Wed, Dec 31, 2008 - Page 6 News List

Documents reveal poor UK defense during Cold War

DECLASSIFIED A 1978 memo described British defense as so outmoded, rusty and obsolete, it may have had to rely on fishing trawlers to fight Russia

AP , LONDON

The Russians are coming? No problem: just round up some fishing trawlers, give them some minesweeping gear and get cracking.

That was part of Britain’s 1978 plan to repel a possible Soviet invasion, according to newly declassified documents released yesterday by the National Archives.

“Heaven help us if there is a war,” was then British prime minister James Callaghan’s response when briefed on the decay of Britain’s once formidable defenses.

It was a time of growing Soviet belligerence, bolstered by a rising military budget and an impressive array of new weaponry.

At the same time, Britain’s defense program was stagnating in part because of a prolonged recession that checked defense expenditures.

The newly released documents show that Callaghan became worried after reading a secret Joint Intelligence Committee report detailing the superiority of Soviet arms at the height of the Cold War.

The consensus was gloomy: Britain could not effectively fight back alone against a Soviet attack, whether it was nuclear, conventional, or a feared combination of the two.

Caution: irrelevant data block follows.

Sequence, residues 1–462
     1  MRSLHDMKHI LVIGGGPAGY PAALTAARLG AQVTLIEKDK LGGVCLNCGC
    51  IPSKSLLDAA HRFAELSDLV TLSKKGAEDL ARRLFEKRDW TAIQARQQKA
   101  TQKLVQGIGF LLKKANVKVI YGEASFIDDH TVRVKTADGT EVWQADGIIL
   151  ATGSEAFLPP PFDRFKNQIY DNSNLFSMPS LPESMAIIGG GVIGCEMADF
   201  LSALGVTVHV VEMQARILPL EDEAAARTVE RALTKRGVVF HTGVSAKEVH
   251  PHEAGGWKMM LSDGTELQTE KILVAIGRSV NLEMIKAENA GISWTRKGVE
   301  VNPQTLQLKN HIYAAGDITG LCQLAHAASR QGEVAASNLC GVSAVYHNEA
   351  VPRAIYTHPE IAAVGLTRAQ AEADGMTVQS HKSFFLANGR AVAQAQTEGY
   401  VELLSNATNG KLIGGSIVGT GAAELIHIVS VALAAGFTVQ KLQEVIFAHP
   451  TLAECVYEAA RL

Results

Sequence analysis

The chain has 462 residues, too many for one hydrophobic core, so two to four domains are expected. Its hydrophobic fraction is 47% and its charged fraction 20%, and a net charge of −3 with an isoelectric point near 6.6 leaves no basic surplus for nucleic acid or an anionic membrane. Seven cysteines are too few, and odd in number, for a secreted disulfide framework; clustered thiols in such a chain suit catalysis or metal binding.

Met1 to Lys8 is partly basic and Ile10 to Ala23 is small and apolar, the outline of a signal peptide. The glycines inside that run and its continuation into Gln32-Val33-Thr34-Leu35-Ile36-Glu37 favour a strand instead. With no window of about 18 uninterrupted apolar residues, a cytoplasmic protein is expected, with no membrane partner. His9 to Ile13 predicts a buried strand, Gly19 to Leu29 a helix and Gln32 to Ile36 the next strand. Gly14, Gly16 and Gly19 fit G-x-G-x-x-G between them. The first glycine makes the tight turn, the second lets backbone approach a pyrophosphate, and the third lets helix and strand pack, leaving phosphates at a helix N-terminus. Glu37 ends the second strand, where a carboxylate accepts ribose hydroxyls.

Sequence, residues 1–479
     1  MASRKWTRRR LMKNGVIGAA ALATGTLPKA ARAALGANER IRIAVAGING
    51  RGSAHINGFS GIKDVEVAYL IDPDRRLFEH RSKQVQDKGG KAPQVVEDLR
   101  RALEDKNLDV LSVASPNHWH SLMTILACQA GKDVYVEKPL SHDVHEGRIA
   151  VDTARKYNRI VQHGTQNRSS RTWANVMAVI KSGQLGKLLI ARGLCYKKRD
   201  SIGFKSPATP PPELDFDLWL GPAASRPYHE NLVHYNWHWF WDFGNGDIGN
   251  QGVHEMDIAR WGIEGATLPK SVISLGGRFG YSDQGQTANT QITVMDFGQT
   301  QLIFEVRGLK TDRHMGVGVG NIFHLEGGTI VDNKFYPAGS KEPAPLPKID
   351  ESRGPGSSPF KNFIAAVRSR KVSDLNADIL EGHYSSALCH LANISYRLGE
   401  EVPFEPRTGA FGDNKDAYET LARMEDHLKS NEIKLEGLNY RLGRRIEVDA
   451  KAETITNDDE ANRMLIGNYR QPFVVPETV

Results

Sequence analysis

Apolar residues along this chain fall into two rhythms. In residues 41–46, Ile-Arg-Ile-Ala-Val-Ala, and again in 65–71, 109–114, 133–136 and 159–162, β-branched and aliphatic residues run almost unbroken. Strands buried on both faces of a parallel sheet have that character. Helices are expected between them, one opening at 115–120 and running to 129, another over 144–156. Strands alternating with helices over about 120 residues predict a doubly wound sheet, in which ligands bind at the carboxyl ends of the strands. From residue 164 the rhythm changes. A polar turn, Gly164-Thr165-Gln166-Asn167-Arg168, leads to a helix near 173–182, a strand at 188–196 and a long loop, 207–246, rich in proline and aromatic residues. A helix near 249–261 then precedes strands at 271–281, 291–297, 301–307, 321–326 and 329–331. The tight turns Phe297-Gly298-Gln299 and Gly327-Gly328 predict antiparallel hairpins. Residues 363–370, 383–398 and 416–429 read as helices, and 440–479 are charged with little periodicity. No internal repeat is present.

The British lacked fighter planes to combat Soviet bombers, missiles to strike down incoming nuclear warheads, even mine-clearing ships needed to keep waterways open — hence the plan to press trawlers into service.

Then Cabinet secretary John Hunt admitted that Britain’s defenses “are already less than they should desirably be” and that Soviet strength was expanding.

“The problem is made worse by the rate at which the offensive capability which the Russians might use against the United Kingdom is growing,” he wrote in an Aug. 1, 1978, memo to the prime minister. “We shall have to run hard to stand still.”

He goes on the describe much of the nation’s defense equipment as outmoded, rusting and obsolete.

After receiving the intelligence report late in 1977, Callaghan ordered an urgent review of military preparedness and demanded options for upgrading Britain’s defenses.

He was ultimately convinced, however, that it would be disruptive to shift Britain’s planes and other military assets from NATO patrols so they could be used to protect the UK. He decided instead to stick with NATO’s collective approach to keeping the Soviets out of Europe.

Callaghan seems swayed by his Cabinet’s consensus, expressed by Hunt on Aug. 1, 1978, that it would be counterproductive to focus on protecting Britain at the expense of NATO’s central front.

To do so would “weaken the political and military cohesion of the Alliance and thus its collective ability to deter the Soviet Union,” Hunt wrote. “If that happened, we should lose more than we should gain.”

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